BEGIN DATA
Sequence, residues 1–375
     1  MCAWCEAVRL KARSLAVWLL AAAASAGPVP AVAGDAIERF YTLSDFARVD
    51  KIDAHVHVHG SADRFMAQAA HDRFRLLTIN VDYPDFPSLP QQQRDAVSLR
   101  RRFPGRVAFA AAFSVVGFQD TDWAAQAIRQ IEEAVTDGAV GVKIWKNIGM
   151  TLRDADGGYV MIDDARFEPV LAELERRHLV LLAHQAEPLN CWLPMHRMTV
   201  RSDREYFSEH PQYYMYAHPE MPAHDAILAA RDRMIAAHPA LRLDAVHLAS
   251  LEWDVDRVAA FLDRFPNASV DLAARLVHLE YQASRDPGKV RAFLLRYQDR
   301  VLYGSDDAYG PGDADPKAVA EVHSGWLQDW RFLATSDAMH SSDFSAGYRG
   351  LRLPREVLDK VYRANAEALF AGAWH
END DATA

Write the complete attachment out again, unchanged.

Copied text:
Sequence, residues 1–375
     1  MCAWCEAVRL KARSLAVWLL AAAASAGPVP AVAGDAIERF YTLSDFARVD
    51  KIDAHVHVHG SADRFMAQAA HDRFRLLTIN VDYPDFPSLP QQQRDAVSLR
   101  RRFPGRVAFA AAFSVVGFQD TDWAAQAIRQ IEEAVTDGAV GVKIWKNIGM
   151  TLRDADGGYV MIDDARFEPV LAELERRHLV LLAHQAEPLN CWLPMHRMTV
   201  RSDREYFSEH PQYYMYAHPE MPAHDAILAA RDRMIAAHPA LRLDAVHLAS
   251  LEWDVDRVAA FLDRFPNASV DLAARLVHLE YQASRDPGKV RAFLLRYQDR
   301  VLYGSDDAYG PGDADPKAVA EVHSGWLQDW RFLATSDAMH SSDFSAGYRG
   351  LRLPREVLDK VYRANAEALF AGAWH